Although Kristin Luker’s book should help people to see that their opponents are not moral monsters, it will not encourage a tendency to compromise. For, as she emphasizes, the differences about abortion, teen-age sex, and so on are bound up with deeper and more general moral differences. Most notable is the difference between a morality of absolute commands and prohibitions, set in a scheme of religious belief, and the more secular approach of the prochoice activists, who are motivated by the bad consequences of denying abortion both for women and for the quality of parenthood. And this underlying issue is not one where some plausible compromise is in sight. We are deeply divided between religious and secular world views, and also between absolutist and consequentialist moralities.
The prolife position either involves a direct appeal to religious authority, or else appeals to common beliefs about the right to life. The first approach raises familiar difficulties about justifying the apparent claim to have direct access to God’s wishes, particularly when many other religious people believe those wishes do not prohibit abortion. And, as we have seen, the claim that the right to life includes the fetus is much harder to make out than is often supposed. If the right to life of the fetus had been established, a case for abortion could still perhaps be made out, by arguing that the right of a woman to control her own life is a stronger one. But this pushing of the right to life into second place would require supporting arguments, and it is not clear that any of sufficient weight are available.
In the absence of a satisfactory defense of the fetal right to life, however, those of us who support the right to abortion can feel our case is a powerful one. The policy of forcing women to bear and rear unwanted children involves a degree of misery and servitude that is an obvious moral evil. It could only be justified by showing that it averts a greater evil. There is room for disagreement whether the effects on us of late abortions could count as a greater evil. But the prolife arguments do not come near to establishing that abortion in general is such an evil.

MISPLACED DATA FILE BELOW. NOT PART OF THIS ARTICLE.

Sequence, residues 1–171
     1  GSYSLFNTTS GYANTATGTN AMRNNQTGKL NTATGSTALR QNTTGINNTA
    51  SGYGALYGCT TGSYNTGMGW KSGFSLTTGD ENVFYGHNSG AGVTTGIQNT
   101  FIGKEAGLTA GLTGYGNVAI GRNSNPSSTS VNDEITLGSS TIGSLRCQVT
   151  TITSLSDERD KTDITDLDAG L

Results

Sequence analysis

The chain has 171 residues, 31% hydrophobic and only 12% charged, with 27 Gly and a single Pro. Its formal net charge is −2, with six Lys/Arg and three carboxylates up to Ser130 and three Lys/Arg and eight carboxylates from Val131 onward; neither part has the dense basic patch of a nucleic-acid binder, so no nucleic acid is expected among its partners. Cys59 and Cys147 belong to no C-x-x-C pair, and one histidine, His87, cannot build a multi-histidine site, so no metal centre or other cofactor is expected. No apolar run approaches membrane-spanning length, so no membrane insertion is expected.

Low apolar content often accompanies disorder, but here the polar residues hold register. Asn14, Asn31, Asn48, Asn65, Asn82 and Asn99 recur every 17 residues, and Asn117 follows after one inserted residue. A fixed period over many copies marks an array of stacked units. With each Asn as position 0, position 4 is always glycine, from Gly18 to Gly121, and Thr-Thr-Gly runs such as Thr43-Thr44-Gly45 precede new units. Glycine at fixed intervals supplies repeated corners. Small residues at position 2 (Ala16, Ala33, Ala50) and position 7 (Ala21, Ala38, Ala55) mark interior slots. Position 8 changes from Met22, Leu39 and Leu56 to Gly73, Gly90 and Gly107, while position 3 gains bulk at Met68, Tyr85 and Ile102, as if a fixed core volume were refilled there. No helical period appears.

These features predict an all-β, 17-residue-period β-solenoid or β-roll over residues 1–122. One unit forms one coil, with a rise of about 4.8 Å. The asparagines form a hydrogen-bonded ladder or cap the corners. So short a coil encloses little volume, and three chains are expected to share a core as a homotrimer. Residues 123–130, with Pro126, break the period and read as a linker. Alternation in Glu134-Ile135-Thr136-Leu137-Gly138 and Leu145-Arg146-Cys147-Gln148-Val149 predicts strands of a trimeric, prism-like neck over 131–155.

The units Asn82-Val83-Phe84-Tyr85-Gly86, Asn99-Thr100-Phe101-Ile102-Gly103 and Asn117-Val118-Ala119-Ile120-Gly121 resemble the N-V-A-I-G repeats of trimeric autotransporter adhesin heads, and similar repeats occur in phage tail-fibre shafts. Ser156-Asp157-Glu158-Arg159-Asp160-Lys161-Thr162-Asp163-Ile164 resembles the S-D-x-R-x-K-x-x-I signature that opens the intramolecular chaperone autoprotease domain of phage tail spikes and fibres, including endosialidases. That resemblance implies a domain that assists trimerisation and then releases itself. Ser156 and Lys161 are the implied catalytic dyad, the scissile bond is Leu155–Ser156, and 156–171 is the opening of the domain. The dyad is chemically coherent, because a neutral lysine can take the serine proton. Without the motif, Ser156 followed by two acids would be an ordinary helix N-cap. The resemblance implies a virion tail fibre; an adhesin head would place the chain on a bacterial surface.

The disastrous consequences of restrictive attitudes toward abortion become greater as reproductive technology advances. With the development of tests for fetal abnormality, it is possible to reduce the risks of having a severely handicapped child. The agonizing dilemma of having to decide for or against treatment, which now faces the parents of a spina bifida baby, can be eliminated by detecting the abnormality between the sixteenth and eighteenth week of pregnancy. But if abortion is banned, this test and others become pointless, and appalling disorders will continue to blight people’s lives.
The effects of the prolife campaign in the United States, moreover, are being felt in other countries. With one eye on the election-year influence of the prolife movement, the Reagan administration last year cut off funds to those non-government organizations working in the third world that are prepared to support abortion as a means of population control.
The World Bank estimates that the world’s population will almost double to nearly ten billion in the next seventy years. The evidence is that third world families, like those anywhere else, seize the choice that contraceptives offer. Their availability owes a lot to organizations like the International Planned Parenthood Federation. The IPPF does not advocate abortion as a form of birth control, but, like the prochoice movement in the United States, thinks abortion should be available where contraception has failed. For this crime, the quarter of its funds that comes from the United States has been cut off. Apart from the probable effect of increasing abortions by reducing the availability of contraceptives, the combined effects of a greater population explosion, and of reduced procreative choice, on people in the poorest countries of the world should need no emphasis. The influence of the prolife movement will be felt further away than Granite City, Illinois, and St. Paul, Minnesota.
May 30, 1985